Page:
Economiser June 30, 2011 at 1:31 pm

@Scott: there is a high probability that we have seen a low point in energy pricing already

If you really believe that, you should be heavily invested in long energy contracts. If not, you’re just blowing smoke.

The statist’s credo: “I believe in this so strongly that I’m willing to make all of you pay for it.”

Economiser June 30, 2011 at 1:32 pm

Sorry, only the first sentence of my post should’ve been italicized (the Scott quote). I miss the “edit” button.

CRC June 30, 2011 at 1:35 pm

@Scott:

“but it will go up in price and it may not hit a price point critical for alternative technologies, barring government subsidy, until it hits a significantly higher price than it is now.”

Maybe, but as I said there are multiple factors that are at play here including increasing conservation actions as a result of increasing prices that will continue to moderate the need for current fuels and provide incentives, however small, to investigate alternatives on small and large scales.

“there is a high probability that we have seen a low point in energy pricing already”

There’s a way you can bet on that and get rich.

“it is to say that an EQUALLY inexpensive suitable alternative may not be feasible.”

Maybe. But I think you still greatly underestimate the power of human ingenuity and adaptability which can manifest itself in ways we think are ridiculous today but much more palatable in the future. For example, maybe people will migrate to more urban settings and walk to their destinations. Maybe they will chose to occupy smaller homes and offices. There are literally thousands of ways that people can and likely will adapt even to the circumstance you suggest may occur.

Eric Hammer June 30, 2011 at 2:37 pm

Closing tag [/i] hopefully :)

kyle8 June 30, 2011 at 3:00 pm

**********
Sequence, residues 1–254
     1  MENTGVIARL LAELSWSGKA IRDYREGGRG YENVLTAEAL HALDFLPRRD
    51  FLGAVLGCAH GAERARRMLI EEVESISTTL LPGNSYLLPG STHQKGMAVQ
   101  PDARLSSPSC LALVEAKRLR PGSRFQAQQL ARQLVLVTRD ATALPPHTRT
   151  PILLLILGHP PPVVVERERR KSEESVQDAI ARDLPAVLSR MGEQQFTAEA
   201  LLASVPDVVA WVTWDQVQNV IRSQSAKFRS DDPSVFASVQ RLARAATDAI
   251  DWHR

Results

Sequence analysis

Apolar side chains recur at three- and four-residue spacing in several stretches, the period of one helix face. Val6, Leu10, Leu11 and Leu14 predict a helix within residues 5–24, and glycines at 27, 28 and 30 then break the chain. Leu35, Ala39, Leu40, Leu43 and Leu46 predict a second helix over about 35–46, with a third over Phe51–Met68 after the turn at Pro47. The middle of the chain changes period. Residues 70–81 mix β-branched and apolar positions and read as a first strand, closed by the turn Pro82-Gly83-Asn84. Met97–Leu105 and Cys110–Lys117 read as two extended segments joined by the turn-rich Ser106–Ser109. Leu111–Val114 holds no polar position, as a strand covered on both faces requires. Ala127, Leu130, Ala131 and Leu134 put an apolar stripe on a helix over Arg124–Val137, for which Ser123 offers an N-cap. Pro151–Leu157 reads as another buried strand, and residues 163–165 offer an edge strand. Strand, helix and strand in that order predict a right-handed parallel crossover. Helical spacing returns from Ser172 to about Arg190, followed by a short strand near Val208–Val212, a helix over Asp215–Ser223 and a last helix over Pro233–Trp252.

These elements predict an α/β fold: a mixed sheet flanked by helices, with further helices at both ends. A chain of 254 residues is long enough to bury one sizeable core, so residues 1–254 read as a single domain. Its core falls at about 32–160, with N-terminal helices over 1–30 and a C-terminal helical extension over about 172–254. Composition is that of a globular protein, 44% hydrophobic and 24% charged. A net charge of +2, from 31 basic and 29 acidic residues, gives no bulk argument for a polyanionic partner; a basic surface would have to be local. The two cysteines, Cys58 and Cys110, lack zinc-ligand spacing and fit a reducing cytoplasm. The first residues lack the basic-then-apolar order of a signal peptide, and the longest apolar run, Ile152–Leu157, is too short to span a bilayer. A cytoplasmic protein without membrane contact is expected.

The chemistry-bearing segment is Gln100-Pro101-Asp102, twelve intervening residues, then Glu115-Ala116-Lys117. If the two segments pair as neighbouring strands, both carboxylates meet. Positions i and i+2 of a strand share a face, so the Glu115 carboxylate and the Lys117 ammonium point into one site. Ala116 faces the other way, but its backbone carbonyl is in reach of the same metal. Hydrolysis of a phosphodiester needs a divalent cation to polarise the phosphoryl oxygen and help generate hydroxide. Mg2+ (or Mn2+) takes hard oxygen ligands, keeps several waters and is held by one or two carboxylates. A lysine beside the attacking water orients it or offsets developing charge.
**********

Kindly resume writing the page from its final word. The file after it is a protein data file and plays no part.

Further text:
On the other hand, energy use is much much down on a per device basis. For instance, I can do so much more with a small laptop that uses very little energy than I could with my jusge desktop system of eight years ago. My big flat sreen HD tv uses many less watts of energy than my old vacume tube tv did.

There are similar changes going on in all areas.

kyle8 June 30, 2011 at 3:04 pm

Ugh! Sorry about the misspells, and no the I tag is not off.

lamp3 June 30, 2011 at 3:51 pm

?

lamp3 June 30, 2011 at 3:58 pm

That’s what I love about books like the rational optimist, the problems of today are framed in the context of time and history.

I do understand there is a worry that for thermodynamic reasons, we may suffer inconvenience. Yet I think the economic costs of even approaching such a limit would make it prohibitive. Entrepreneurship and innovation must, out of the potential for profit, reward finding ways around this.

I see now, Economiser closed with “.”

Economiser June 30, 2011 at 5:35 pm

Argh. I could’ve sworn I included a closing italics tag

vidyohs June 29, 2011 at 9:21 pm

The beginning of history is the 1st century according to the chart, hmmmm, time to toss my books on palenotology, no history there….move along nothing to see.

But on the sincere side, for once the looney left has their fondest wish granted. Everyone is totally equal in making history. Yea!!!

Peter McIlhon June 29, 2011 at 11:03 pm

I saw this on Carpe Diem yesterday and it blew my mind. Talk about not appreciating a historical context!

Michael Tobis June 29, 2011 at 11:13 pm

Yes, there are so many similar graphs of various quantities over historical time that they have a collective name, “hockey sticks”.

LowcountryJoe June 30, 2011 at 12:33 pm

The Case for Human Ingenuity
May 2, 2011
By Niels C. Jensen, Nick Rees and Tricia Ward

I’m not a big fan of this bolded sentence from these author’s:

It is probably also fair to say that to many, a two-seater hybrid which can ‘only’ do 0-100 km/h (0-60 mph) in 11.9 seconds would be a step down relative to the gas-guzzler they currently drive (I include myself in this category), but this is where political leadership and, if necessary, legislation comes in. The EU has recently decided to ban all conventionally fuelled cars from city centres across the EU beginning in 2050 . The decision raised the predictable storm of protests, but the key is in the wording. Cars will not be banned altogether, only those using conventional fuels.

But the remainder of the article seems to be well worth the read; particularly toward the end when they discuss technologies that may, in the future, create propulsion/motion and get cars to move.

Subhi Andrews June 30, 2011 at 1:41 pm

Subhi Andrews June 30, 2011 at 1:42 pm

did that close the italics?

brotio June 30, 2011 at 1:45 pm

end HTML tag

I hope this works

brotio June 30, 2011 at 1:46 pm

Oh well.

Daniel Kuehn June 30, 2011 at 2:02 pm

Reminds me of Keynes’s “Economic Possibilities for Our Grandchildren”. There was a man that appreciated innovation, growth, prosperity, investment, the market, and free society.